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NCCA honors musicians

A VERY diverse group of people received the same message via e-mail – that they were among the recipients of an award that honors 19 people and organizations whose work across two decades has enriched the world of Philippine music.

They will be receiving the SUDI Award, a National Music award that aims “to recognize outstanding contributions of Filipino musical works, creators, institutions, and researchers across genres and modes of productions with the highest standard and artistic excellence.”

Those honored for their work between 2000 to 2009 are teacher, researcher, instrument maker and performer Prof. Benicio Sokkong; music educator Prof. Carmencita Guanzon Arambulo; the classical music radio station 98.7 DZFE-FM “The Master’s Touch”; singer and ethnomusicologist Dr. Grace Nono; singer-songwriter José Iñigo Homer Lacambra Ayala (better known as Joey Ayala); the Loboc Children’s Choir; composer and conductor Prof. Josefino “Chino” Toledo; concert pianist Dr. Raul Sunico; and the UP Singing Ambassadors.

“We just weren’t sure that it was really for us,” said 98.7 DZFE station manager Tiffany Liong-Gabuya at a During an online press conference on Aug. 2 via Zoom, about receiving the e-mail. “I shared it with my staff, and everybody read it twice before we started jumping up and down.”

Nagulat ako… hindi ko akalain na  ganito pala kalaki itong award (I was surprised. I did not expect that the award was this prestigious),” Ms. Arambulo said at the same Zoom event.

Meanwhile, those honored for their work between 2010 to 2020, are pop a cappella group Acapellago; the Ateneo Chamber Singers; pop rock musician and songwriter Vincent Ferdinand Dancel (a.k.a Ebe Dancel); conductor Gerard Salonga; rapper-songwriter Aristotle Pollisco (a.k.a Gloc-9); songwriter Jonathan Manalo; folk singer and composer Noel Cabangon; the PETA musical Rak of Aegis; the Philippine Madrigal Singers; and The 70’s Bistro Bar.

His reaction upon reading the e-mail was “At last,” said Jonathan Velasco, the conductor and music director of the Ateneo Chamber Singers.

Meanwhile, Mr. Pollisco, who is not used to formal e-mails, had a companion tell him about its contents. “Sanay lang po ako tumingin ng e-mails for files or kapag ka mga related sa kanta (I am used to look through e-mails for files or those related to songs),” he said.

Eight special citations will be given to the competition Akapela Open, the Elements Music Camp, the Philpop MusicFest Foundation, the Pinoy Playlist Music Festival; the non-profit organization Bayanihan Musikahan; guitarist, jazz musician, and composer Bob Aves; Filipino-American kulintang player, educator, and National Endowment of the Arts National Heritage Fellow, Prof. Danongan Sibay Kalanduyan; and the bar and music venue Route 196.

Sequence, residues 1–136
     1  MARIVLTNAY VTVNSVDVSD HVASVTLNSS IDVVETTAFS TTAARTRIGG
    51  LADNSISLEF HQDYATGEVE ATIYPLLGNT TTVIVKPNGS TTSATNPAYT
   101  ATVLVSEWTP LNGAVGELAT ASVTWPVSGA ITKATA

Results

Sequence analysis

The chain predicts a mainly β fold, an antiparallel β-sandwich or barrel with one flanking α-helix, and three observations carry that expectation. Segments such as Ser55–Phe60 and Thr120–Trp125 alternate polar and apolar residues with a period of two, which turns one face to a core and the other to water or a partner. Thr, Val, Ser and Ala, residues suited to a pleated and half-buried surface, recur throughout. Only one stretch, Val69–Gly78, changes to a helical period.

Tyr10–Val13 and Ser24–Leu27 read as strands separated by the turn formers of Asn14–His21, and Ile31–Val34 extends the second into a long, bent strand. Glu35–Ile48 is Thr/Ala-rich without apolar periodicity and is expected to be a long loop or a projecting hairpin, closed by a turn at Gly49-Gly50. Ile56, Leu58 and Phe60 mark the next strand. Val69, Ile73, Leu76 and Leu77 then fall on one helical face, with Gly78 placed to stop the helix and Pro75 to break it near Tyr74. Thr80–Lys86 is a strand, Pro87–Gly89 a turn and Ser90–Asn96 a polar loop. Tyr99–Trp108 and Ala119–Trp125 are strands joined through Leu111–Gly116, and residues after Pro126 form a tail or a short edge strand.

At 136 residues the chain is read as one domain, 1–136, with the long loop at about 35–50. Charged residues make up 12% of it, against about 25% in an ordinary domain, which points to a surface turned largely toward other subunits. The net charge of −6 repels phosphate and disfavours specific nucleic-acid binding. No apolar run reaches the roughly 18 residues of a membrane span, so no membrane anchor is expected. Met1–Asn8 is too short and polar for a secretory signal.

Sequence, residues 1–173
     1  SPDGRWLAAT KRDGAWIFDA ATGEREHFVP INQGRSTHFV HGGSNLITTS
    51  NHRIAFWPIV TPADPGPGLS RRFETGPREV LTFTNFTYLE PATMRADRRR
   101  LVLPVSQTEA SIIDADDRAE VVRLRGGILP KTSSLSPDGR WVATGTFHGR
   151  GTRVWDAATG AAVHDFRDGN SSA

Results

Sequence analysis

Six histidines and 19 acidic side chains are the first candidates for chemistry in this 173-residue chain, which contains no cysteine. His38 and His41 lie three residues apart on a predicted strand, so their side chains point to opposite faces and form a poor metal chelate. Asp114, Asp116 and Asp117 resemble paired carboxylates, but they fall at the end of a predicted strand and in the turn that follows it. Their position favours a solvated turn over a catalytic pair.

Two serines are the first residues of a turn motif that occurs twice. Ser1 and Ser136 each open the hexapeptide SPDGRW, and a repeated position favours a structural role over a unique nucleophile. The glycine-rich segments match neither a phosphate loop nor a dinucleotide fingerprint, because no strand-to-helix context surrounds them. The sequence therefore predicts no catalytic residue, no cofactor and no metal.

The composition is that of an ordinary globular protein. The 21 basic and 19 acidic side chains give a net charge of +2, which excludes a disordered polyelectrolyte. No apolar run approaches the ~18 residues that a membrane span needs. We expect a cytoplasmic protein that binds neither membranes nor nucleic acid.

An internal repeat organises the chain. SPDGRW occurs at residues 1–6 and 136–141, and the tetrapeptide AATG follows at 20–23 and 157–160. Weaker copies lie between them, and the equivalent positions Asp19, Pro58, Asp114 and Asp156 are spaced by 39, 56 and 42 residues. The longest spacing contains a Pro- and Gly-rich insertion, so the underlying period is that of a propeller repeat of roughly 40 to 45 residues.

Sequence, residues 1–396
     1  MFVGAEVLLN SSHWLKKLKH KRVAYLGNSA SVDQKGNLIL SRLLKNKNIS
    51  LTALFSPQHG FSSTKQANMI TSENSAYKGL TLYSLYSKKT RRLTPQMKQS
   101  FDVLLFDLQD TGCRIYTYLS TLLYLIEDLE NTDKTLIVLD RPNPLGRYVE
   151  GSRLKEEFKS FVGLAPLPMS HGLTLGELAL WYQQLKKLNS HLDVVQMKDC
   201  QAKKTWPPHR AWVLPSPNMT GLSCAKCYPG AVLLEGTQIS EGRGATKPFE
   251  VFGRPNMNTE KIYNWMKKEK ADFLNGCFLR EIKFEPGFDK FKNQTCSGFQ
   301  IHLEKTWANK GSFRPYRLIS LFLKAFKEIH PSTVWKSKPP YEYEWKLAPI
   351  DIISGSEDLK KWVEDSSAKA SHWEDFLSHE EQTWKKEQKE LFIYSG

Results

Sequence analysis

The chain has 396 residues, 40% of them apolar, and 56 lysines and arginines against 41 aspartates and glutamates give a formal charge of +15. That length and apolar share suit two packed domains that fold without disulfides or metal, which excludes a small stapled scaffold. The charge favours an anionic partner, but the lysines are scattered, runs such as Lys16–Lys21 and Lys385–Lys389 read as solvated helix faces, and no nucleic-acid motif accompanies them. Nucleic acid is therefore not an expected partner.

The SUDI Award was launched in 2020 by the National Commission for Culture and the Arts (NCCA) through its Plan/Policy Formulation and Programming Division (P/PFPD)-Arts Section, headed by Ferdinand Isleta.

The award’s name “SUDI” refers to the Ilokano adjective meaning “illustrious, renowned, celebrated, or famous.” The name was proposed by Dr. Felipe M. De Leon, Jr., a member of the SUDI’s technical working group and incumbent head of the NCCA National Committee on Music.

Aside from Mr. De Leon, the technical working group’s members are film producer Noel Ferrer, who chairs the  technical working group, National Artist for Music Ryan Cayabyab, Organisasyon Ng Pilipinong Mang-aawit and Philpop executive director Dinah Remolacio, Elements Music Camp founder Twinky Lagdameo, Homonym founder and managing director Mike Constantino, and Filipino world music artist Bayang Barrios.

The technical working group was aided by the NCCA Committee on Music in the deliberation and selection of the awardees. The 2020 NCCA SUDI Awards jury was composed of Bobby Barreiro, Andre Allan Alvarez, Maria Rachelle Gerodias, Francis Reyes, Lutgardo Labad, Christian Bautista, Dr. De Leon, Dr. Elena Mirano, Melchor Villena, Dr. Jose Buenconsejo, and was chaired by Mr. Cayabyab.

While the original idea was to have one awardee a year, said Mr. Cayabyab, for its launch year, 2020, it was decided that the SUDI Awards would recognize and honor outstanding musical achievements that defined the last 20 years.

The first NCCA SUDI Awards awarding ceremony will be livestreamed via the NCCA’s official Facebook page and YouTube channel in two parts on Aug. 21 and Aug. 28 at 7 p.m.

“These choral groups, they don’t perform for awards, except for competing internationally. But locally, kanta lang kami nang kanta (We just continue singing) … We just spread the good vibes of choral singing everywhere,” Ateneo Chamber Singers’ Mr. Velasco said during the press conference. “So, every time we receive an award, it is so special for us in the choral industry.”

Ms. Arambulo, who has had over 50 years of teaching experience, said she is delighted when she hears of the success of her former students. “Tuloy pa rin ang aking pagtuturo hanggang ngayon (I continue teaching to this day).”

“If we have music luminaries surprised and grateful for the award, how much more for us? We don’t receive music awards. So, I suppose the first thought that came to my head was [that] I’m just so grateful that what we’re doing is seen as a music contribution,” DZFE’s Ms. Gabuya said.

“I’m very honored. Na-prove ko sa sarili ko na… hindi mo kailangang sumakay sa alon ng iba. Pwede ka gumawa ng sarili mong alon para maramdaman ka ng ibang tao (I proved to myself that you do not have to ride the wave of others. You can create your own wave to be felt by others),” said Gloc-9.

In succeeding years, excellence and significant musical contributions shall be recognized triennially. — MAPS